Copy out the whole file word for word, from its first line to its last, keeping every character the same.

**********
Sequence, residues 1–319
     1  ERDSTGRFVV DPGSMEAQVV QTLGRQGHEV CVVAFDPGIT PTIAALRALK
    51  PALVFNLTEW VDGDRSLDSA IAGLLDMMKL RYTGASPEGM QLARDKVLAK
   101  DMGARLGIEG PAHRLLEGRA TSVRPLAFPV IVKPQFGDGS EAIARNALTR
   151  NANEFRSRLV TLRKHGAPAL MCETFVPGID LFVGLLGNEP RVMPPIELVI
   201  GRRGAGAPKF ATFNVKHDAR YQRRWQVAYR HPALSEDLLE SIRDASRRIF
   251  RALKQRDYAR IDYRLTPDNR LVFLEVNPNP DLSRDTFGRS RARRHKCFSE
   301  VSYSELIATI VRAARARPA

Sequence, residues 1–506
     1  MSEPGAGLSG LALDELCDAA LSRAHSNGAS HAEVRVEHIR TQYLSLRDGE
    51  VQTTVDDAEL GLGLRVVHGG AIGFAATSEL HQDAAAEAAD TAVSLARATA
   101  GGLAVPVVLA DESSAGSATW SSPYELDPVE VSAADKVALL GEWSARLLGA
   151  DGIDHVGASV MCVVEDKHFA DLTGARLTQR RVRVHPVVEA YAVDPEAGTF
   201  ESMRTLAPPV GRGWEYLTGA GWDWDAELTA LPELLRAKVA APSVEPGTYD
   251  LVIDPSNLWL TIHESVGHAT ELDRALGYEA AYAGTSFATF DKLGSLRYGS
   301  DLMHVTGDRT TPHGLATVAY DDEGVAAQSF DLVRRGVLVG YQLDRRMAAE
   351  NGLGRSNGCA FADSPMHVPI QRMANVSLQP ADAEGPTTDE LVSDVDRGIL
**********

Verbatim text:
Sequence, residues 1–319
     1  ERDSTGRFVV DPGSMEAQVV QTLGRQGHEV CVVAFDPGIT PTIAALRALK
    51  PALVFNLTEW VDGDRSLDSA IAGLLDMMKL RYTGASPEGM QLARDKVLAK
   101  DMGARLGIEG PAHRLLEGRA TSVRPLAFPV IVKPQFGDGS EAIARNALTR
   151  NANEFRSRLV TLRKHGAPAL MCETFVPGID LFVGLLGNEP RVMPPIELVI
   201  GRRGAGAPKF ATFNVKHDAR YQRRWQVAYR HPALSEDLLE SIRDASRRIF
   251  RALKQRDYAR IDYRLTPDNR LVFLEVNPNP DLSRDTFGRS RARRHKCFSE
   301  VSYSELIATI VRAARARPA

Sequence, residues 1–506
     1  MSEPGAGLSG LALDELCDAA LSRAHSNGAS HAEVRVEHIR TQYLSLRDGE
    51  VQTTVDDAEL GLGLRVVHGG AIGFAATSEL HQDAAAEAAD TAVSLARATA
   101  GGLAVPVVLA DESSAGSATW SSPYELDPVE VSAADKVALL GEWSARLLGA
   151  DGIDHVGASV MCVVEDKHFA DLTGARLTQR RVRVHPVVEA YAVDPEAGTF
   201  ESMRTLAPPV GRGWEYLTGA GWDWDAELTA LPELLRAKVA APSVEPGTYD
   251  LVIDPSNLWL TIHESVGHAT ELDRALGYEA AYAGTSFATF DKLGSLRYGS
   301  DLMHVTGDRT TPHGLATVAY DDEGVAAQSF DLVRRGVLVG YQLDRRMAAE
   351  NGLGRSNGCA FADSPMHVPI QRMANVSLQP ADAEGPTTDE LVSDVDRGIL